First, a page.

It may seem obvious that the resolution infringed on religious freedom, but Rousseau's “born free” philosophy provides some defense measures and says that religious freedom should not be absolute or overemphasized. Rousseau’s “born free” philosophy has strength in opposing unjust norms and monarch culture, and it has inoculated revolutions to overturn oppressive past state regimes, with the newly established sovereign as the people’s general will. The Internet Encyclopedia Of Philosophy draws a parallel between Rousseau’s general will and John Rawl’s veil of ignorance when it says, 

“This point can be understood in an almost Rawlsian sense, namely that if the citizens were ignorant of the groups to which they would belong, they would inevitably make decisions that would be to the advantage of the society as a whole, and thus be in accordance with the general will.“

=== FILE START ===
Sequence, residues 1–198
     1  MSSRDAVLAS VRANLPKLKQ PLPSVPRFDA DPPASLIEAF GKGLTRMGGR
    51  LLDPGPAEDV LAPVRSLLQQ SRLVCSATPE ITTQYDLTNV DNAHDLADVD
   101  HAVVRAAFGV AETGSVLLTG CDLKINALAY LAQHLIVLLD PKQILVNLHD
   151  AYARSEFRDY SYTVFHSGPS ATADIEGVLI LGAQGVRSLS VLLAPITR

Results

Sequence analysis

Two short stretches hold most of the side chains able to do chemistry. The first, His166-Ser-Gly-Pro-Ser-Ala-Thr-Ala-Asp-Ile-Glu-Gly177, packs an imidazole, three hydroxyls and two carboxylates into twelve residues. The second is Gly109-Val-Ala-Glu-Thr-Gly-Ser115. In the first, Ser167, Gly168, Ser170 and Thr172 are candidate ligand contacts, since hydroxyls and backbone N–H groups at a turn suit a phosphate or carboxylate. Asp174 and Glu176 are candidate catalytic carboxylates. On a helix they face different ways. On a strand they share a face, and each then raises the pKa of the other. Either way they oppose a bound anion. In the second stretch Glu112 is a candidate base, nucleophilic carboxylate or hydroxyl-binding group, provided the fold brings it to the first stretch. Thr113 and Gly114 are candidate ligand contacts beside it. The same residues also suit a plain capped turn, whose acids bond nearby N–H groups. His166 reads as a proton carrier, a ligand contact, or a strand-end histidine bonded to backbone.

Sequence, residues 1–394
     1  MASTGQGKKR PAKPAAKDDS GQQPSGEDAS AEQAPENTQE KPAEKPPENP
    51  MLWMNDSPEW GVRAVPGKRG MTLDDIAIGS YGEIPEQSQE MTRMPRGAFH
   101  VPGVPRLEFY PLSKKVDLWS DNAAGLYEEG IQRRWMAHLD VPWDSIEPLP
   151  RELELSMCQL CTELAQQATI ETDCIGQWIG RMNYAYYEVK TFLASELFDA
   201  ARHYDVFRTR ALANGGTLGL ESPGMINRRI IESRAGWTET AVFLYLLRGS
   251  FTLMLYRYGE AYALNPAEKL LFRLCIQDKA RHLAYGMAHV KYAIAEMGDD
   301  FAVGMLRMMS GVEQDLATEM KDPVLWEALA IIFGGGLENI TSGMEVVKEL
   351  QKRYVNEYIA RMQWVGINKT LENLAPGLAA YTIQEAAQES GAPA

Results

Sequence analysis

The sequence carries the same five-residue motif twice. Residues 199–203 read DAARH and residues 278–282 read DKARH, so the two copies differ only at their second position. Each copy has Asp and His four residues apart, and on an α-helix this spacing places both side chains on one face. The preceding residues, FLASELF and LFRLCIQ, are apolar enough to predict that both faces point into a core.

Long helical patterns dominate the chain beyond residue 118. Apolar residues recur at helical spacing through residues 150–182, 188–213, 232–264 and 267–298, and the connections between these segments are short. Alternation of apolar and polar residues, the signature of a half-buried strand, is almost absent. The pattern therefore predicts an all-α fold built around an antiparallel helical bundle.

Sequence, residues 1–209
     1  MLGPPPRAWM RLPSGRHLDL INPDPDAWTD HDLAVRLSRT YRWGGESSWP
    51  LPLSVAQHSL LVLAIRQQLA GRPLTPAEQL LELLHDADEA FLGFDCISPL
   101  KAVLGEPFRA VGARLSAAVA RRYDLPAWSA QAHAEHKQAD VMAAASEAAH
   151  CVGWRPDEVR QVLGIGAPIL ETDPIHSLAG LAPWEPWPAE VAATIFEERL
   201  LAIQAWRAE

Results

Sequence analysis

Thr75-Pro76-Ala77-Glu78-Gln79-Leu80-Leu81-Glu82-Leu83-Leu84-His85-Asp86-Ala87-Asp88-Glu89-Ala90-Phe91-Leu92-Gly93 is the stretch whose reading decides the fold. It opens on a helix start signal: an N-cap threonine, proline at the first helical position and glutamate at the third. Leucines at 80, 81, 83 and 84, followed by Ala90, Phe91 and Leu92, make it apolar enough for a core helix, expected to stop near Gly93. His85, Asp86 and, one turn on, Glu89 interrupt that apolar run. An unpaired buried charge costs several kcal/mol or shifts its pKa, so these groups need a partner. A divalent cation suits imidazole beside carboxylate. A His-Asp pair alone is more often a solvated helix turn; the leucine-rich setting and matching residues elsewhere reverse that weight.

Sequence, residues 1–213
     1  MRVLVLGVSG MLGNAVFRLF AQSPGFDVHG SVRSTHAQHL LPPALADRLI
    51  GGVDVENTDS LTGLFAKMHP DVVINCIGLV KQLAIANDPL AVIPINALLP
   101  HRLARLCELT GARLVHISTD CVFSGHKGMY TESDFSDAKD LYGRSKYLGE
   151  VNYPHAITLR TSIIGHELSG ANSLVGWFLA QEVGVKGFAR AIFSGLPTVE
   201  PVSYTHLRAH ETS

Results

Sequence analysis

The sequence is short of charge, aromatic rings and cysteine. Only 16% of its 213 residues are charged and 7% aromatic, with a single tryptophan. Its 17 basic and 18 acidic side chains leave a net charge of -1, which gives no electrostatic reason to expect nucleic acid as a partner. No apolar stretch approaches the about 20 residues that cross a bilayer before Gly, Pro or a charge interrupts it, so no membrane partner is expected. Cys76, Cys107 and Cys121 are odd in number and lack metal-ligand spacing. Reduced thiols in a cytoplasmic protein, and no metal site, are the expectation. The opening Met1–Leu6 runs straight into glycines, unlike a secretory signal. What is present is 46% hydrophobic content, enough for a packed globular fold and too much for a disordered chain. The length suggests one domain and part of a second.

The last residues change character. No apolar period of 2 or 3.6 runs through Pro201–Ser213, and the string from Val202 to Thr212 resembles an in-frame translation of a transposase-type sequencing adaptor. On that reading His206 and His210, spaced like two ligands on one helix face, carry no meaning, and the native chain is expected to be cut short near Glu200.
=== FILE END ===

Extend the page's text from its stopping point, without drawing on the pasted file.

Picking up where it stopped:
Rawlsian philosophy is well known for emphasizing fairness for all people’s welfare and giving disadvantaged people a better chance to thrive. As a reminder of John Rawl’s thought experiment, imagine that the entire world’s population of eight billion is about to be teleported to the Alpha Centauri stellar system, but due to the peculiar climate and imperfect teleporting science, the teleporting process will reassign all families, unpredictably, to have new physical color, physique, intelligence, and religious ties anew in the new habitat. It will make sense for everyone to have a fair standing in the new society, and no particular religion will tower over other religions or be subjugated.